Small Businesses Expressed Optimism in September
Despite the ongoing impact of the pandemic, small businesses expressed confidence as the NFIB Small Business Optimism Index rose 3.8 points in September to 104.0, which is the best level since February and historically high. The focal point of the report was those expecting higher selling prices, which jumped by 12 points to 13. This is the most since January and could point to future inflation.
Understandably, the Uncertainty Index increased 2 points to 92, up from 75 in April.
“As parts of the country continue to open, small businesses are seeing some improvements in foot traffic and sales,” said NFIB Chief Economist Bill Dunkelburg. “However, some small businesses are still struggling financially to operate at full capacity while navigating state and local regulations and are uncertain about what will happen in the future.”
Family Hack of the Week
One of the treats of carving pumpkins is roasting the seeds afterwards, but removing the sticky pulp from the seeds beforehand can be tricky. Here’s an easy trick that can help: Boil the pumpkin seeds in a salty brine first.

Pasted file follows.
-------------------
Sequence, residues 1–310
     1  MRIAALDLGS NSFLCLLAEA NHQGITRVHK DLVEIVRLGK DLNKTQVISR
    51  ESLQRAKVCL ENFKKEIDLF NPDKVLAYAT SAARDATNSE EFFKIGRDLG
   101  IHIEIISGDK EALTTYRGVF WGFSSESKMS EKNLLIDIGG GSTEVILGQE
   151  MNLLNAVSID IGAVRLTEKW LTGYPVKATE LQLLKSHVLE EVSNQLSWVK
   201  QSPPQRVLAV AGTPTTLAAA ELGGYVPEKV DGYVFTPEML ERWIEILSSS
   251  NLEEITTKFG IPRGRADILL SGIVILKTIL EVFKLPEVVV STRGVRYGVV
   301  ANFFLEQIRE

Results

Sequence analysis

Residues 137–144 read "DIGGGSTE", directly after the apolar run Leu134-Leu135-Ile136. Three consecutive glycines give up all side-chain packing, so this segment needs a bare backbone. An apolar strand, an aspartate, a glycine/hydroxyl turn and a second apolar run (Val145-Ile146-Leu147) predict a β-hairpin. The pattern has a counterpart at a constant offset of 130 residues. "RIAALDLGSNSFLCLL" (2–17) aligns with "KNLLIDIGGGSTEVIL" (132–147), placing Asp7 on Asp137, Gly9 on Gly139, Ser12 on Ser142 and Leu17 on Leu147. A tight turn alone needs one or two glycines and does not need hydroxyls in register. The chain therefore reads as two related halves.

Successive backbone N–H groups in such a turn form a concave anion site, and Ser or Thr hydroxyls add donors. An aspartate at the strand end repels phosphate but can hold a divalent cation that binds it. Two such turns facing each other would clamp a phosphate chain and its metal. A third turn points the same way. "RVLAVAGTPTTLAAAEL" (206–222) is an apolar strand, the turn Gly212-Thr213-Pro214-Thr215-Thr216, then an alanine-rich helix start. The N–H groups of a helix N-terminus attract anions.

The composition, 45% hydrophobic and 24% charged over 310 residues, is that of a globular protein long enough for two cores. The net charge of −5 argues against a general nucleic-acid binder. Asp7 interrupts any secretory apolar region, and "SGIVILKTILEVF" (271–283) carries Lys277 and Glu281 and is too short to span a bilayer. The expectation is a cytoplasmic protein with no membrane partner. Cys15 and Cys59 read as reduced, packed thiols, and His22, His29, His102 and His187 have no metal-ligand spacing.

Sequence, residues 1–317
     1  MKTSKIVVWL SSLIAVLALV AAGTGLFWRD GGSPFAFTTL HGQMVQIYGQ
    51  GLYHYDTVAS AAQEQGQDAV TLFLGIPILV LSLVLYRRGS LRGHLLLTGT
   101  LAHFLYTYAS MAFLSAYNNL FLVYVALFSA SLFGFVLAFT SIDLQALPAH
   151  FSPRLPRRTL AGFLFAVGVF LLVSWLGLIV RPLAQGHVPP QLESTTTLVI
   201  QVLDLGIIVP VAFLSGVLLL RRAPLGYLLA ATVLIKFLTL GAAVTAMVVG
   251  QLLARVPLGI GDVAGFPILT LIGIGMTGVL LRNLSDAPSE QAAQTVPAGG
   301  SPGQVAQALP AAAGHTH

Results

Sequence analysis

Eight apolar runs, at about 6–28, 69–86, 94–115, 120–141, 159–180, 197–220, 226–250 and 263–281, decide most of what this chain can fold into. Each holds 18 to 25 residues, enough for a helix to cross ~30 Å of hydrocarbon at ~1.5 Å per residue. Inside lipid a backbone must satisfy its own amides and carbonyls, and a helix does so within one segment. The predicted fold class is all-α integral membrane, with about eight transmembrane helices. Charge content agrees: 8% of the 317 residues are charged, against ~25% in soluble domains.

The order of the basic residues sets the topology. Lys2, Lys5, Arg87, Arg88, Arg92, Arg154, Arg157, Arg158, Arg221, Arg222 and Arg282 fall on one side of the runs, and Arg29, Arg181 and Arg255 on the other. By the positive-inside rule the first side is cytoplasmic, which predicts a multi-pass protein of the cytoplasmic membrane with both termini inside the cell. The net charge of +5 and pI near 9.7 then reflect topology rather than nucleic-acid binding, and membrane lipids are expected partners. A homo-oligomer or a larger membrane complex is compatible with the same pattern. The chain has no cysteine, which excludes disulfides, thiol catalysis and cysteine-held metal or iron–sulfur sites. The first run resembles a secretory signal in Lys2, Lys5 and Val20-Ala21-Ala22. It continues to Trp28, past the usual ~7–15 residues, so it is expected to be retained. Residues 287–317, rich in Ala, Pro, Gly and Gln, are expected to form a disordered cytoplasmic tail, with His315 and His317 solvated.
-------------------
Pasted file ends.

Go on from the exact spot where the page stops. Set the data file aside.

Add 1 cup of pumpkin seeds, 2 cups of water and 2 tablespoons to a medium saucepan. Bring to a boil and then simmer for 10 minutes. Once that’s done, drain and dry the seeds.
Next, coat with olive oil, 1 teaspoon of allspice (or your favorite spice) and a pinch of salt. Spread out on a baking sheet, bake at 400 degrees Fahrenheit for 20 to 25 minutes, and enjoy!
What to Look for This Week
Housing news will be in the spotlight with several key reports ahead. On Monday, we’ll get a read on builder confidence with the National Association of Home Builders Housing Market Index for October. Tuesday look for the latest on Housing Starts and Building Permits when the data for September is released. Then on Thursday, we’ll get an update on Existing Home Sales for September.
Also on Thursday, the latest weekly Initial Jobless Claims remain critical to monitor as the labor sector continues to struggle.
The Fed’s ongoing purchases of Mortgage Backed Securities continues to provide stability to the markets. Mortgage Bonds remain in a battle with the 25-day and 50-day Moving Averages, which are basically the same level currently. This dual level is an important inflection point and it will be critical to see which direction Bonds breakout. If Bonds break to the upside, there is roughly 27bp of room for improvement. On the other hand, if Bonds move lower from these levels, there is roughly 40bp of room to the downside.